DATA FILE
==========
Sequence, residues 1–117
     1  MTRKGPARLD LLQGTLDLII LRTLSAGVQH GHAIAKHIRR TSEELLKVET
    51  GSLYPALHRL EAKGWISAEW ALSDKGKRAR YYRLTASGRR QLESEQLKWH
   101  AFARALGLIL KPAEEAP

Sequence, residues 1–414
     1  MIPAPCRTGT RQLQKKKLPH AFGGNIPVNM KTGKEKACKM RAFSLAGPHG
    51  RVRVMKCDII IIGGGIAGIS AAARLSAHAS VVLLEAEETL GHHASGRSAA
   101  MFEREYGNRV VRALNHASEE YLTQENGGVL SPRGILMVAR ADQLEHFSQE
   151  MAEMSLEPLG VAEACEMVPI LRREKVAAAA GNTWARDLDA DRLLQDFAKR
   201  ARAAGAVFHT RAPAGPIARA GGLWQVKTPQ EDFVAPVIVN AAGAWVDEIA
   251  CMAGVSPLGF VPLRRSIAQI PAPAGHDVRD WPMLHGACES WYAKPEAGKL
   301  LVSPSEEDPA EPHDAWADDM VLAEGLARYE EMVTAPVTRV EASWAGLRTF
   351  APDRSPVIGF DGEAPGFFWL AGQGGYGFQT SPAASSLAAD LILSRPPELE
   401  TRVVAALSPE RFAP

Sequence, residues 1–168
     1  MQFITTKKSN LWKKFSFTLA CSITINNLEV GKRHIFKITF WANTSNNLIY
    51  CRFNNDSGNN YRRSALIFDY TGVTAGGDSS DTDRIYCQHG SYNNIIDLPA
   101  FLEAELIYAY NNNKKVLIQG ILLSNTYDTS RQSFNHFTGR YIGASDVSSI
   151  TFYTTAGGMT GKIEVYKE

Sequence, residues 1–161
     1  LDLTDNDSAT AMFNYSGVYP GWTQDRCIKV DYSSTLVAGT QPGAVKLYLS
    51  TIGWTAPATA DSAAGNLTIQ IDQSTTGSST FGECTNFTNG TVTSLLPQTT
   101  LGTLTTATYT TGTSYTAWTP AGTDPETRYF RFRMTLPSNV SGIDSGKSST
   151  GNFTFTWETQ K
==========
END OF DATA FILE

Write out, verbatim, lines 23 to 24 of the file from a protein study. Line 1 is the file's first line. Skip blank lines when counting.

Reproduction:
   101  LGTLTTATYT TGTSYTAWTP AGTDPETRYF RFRMTLPSNV SGIDSGKSST
   151  GNFTFTWETQ K